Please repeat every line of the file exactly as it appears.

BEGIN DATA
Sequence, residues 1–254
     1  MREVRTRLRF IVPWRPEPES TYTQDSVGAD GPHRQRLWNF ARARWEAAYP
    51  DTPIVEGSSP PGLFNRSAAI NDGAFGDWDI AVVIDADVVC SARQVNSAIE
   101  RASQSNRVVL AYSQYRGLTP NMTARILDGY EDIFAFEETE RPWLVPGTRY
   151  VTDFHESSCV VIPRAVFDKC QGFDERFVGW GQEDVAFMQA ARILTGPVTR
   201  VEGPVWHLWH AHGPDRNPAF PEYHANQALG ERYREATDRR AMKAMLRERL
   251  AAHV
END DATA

Sequence, residues 1–254
     1  MREVRTRLRF IVPWRPEPES TYTQDSVGAD GPHRQRLWNF ARARWEAAYP
    51  DTPIVEGSSP PGLFNRSAAI NDGAFGDWDI AVVIDADVVC SARQVNSAIE
   101  RASQSNRVVL AYSQYRGLTP NMTARILDGY EDIFAFEETE RPWLVPGTRY
   151  VTDFHESSCV VIPRAVFDKC QGFDERFVGW GQEDVAFMQA ARILTGPVTR
   201  VEGPVWHLWH AHGPDRNPAF PEYHANQALG ERYREATDRR AMKAMLRERL
   251  AAHV